In a very recent judgment, the First-Tier Tribunal Tax Chamber considered an interesting argument raised by a taxpayer that a penalty issued by HMRC was contrary to the provisions of the 1688 Bill of Rights and therefore invalid.
In Pendle v the Commissioners for Her Majesty’s Revenue & Customs  UKFTT 27, Mr Pendle appealed a £100 penalty issued by the HMRC because he had repeatedly failed correctly to complete his self-assessment tax return.
One of Mr Pendle’s submissions was based on a declaration in the Bill of Rights (the “Declaration“) which provides that,
all grants and promises of fines and forfeitures of particular persons before conviction are illegal and void.
Mr Pendle argued that because HMRC is not a court, it could not “convict” someone and, therefore, the penalty issued was illegal and void.
In her judgment, Redson J first considered the context of the Bill of Rights at the time it was enacted. She pointed out that the (then) monarch, James II, had just been deposed and one of the first declarations to be made in the Bill of Rights was that “the pretended power of suspending of laws or the execution of laws by regall authority without consent of Parlyament is illegall“. This declaration had had the effect of establishing parliamentary sovereignty.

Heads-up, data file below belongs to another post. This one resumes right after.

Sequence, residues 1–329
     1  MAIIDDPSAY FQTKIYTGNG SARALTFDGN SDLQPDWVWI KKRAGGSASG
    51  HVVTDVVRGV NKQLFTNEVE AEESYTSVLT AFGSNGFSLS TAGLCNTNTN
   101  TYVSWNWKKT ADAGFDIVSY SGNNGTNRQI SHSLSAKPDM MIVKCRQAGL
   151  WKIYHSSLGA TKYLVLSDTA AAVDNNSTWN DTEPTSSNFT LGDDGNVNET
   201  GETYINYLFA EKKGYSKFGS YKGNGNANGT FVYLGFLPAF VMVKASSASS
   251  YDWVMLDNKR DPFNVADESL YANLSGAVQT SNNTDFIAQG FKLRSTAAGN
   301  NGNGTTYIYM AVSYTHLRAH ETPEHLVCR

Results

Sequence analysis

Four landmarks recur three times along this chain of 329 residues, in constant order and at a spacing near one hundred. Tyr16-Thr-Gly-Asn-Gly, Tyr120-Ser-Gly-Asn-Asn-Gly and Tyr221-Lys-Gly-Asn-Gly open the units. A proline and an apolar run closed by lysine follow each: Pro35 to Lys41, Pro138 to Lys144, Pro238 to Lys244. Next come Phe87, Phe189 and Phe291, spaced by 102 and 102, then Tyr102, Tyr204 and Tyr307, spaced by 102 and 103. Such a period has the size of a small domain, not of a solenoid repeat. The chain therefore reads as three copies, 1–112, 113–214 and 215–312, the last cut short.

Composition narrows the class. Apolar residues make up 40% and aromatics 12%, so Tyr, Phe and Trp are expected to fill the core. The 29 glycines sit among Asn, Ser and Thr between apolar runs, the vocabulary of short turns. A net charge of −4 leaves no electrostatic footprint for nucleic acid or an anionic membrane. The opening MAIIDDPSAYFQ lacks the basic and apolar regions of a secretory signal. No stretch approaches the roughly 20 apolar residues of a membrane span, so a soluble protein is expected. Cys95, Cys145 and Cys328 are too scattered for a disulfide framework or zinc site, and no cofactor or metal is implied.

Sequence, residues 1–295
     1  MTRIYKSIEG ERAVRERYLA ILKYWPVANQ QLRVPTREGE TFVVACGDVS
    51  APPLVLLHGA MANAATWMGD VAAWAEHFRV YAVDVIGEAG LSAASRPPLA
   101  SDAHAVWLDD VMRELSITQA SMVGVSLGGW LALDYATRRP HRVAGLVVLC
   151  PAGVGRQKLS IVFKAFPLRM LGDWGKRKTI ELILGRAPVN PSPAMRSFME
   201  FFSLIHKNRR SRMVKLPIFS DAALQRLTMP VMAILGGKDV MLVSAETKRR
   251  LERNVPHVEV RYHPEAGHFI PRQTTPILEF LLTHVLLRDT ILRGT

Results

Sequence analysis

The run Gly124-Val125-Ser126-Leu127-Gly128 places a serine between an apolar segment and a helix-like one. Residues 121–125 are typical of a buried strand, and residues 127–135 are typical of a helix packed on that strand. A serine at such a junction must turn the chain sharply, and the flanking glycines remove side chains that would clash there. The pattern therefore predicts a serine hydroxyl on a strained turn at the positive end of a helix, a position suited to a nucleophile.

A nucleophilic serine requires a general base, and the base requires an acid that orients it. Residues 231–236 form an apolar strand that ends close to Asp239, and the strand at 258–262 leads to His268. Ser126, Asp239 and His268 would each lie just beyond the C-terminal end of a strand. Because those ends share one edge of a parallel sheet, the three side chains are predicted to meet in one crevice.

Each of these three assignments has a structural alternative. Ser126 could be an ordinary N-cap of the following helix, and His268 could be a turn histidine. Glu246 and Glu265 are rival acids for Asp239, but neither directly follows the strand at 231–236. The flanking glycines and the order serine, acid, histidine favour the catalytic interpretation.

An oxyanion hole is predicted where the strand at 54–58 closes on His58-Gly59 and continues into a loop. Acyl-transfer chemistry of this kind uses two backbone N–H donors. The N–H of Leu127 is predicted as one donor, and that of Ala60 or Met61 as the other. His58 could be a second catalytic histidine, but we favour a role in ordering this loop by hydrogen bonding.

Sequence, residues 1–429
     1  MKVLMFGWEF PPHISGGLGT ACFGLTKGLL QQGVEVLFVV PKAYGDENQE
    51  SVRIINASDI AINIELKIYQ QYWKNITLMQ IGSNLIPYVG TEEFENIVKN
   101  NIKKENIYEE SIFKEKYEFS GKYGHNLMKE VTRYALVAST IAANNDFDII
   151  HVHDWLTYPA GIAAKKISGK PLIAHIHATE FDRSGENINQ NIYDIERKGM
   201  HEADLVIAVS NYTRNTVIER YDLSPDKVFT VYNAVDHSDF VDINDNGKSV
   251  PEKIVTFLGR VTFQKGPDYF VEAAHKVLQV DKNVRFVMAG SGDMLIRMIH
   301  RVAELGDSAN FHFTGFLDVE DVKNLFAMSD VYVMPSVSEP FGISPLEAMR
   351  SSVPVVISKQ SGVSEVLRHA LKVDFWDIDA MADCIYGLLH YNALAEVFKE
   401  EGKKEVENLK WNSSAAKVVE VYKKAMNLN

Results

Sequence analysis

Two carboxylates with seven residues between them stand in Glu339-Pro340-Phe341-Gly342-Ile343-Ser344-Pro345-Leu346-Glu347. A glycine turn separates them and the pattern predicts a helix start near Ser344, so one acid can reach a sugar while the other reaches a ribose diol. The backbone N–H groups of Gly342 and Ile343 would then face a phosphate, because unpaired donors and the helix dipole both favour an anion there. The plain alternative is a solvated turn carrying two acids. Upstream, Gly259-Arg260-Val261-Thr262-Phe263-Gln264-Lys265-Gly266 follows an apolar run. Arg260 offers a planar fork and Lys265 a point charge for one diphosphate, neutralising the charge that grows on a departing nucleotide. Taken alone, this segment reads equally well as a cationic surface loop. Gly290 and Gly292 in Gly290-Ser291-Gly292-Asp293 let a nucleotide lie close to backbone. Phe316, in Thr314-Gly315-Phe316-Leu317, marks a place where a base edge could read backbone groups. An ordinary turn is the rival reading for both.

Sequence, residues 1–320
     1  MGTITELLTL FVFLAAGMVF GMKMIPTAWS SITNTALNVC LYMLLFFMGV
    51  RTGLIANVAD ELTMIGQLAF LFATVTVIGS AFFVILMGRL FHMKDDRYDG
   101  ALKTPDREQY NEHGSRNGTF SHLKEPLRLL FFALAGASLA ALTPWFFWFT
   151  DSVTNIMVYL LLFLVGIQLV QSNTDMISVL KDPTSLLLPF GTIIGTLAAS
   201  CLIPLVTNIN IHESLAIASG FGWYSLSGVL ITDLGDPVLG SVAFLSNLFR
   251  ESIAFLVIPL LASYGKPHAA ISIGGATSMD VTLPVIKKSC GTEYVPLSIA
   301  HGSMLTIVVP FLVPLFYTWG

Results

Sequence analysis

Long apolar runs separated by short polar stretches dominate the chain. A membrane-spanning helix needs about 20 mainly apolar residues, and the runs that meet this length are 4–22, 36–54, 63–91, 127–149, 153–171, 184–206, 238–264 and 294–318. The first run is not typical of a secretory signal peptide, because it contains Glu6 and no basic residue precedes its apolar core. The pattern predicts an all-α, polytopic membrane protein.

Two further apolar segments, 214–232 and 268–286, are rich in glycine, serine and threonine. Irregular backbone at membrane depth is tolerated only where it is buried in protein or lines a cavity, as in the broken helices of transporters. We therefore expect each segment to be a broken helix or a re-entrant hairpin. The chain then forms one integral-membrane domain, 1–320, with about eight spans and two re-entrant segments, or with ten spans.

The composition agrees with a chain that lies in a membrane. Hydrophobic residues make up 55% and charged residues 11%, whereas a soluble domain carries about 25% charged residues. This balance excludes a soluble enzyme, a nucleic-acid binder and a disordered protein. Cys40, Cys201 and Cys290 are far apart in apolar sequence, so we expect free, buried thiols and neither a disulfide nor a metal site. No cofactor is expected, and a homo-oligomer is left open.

The purpose of the Declaration relied on by Mr Pendle was to prevent the recurrence of a particular abuse by James II, who had often imposed fines and forfeitures in the absence of any conviction or judgment. Redson J decided that in modern language, the Declaration was intended to mean that no penalties could be levied without due legal process. She continued, “it follows that Parliament, with the legislative sovereignty vested in it by the very same Bill of Rights, can give HMRC the power to impose and collect civil penalties, providing they are appealable to an independent judiciary“.
Referring to the judgment of Collins J in R (Herron) v Parking Adjudicator  EWHC 1702, which explained that:
The Bill of Rights’ reference to fines and forfeitures before conviction or judgment means that what cannot prevail is a fine or a forfeiture in respect of which there is no right of appeal, whether ultimately to a court or through a system which is set up which is equivalent to a court”,
Redson J concluded that because Parliament had delegated to HMRC the power to impose penalties, and because there was a right of appeal – the very process by which Mr Pendle had brought the proceedings – then HMRC could not be prevented by the Bill of Rights from issuing a penalty.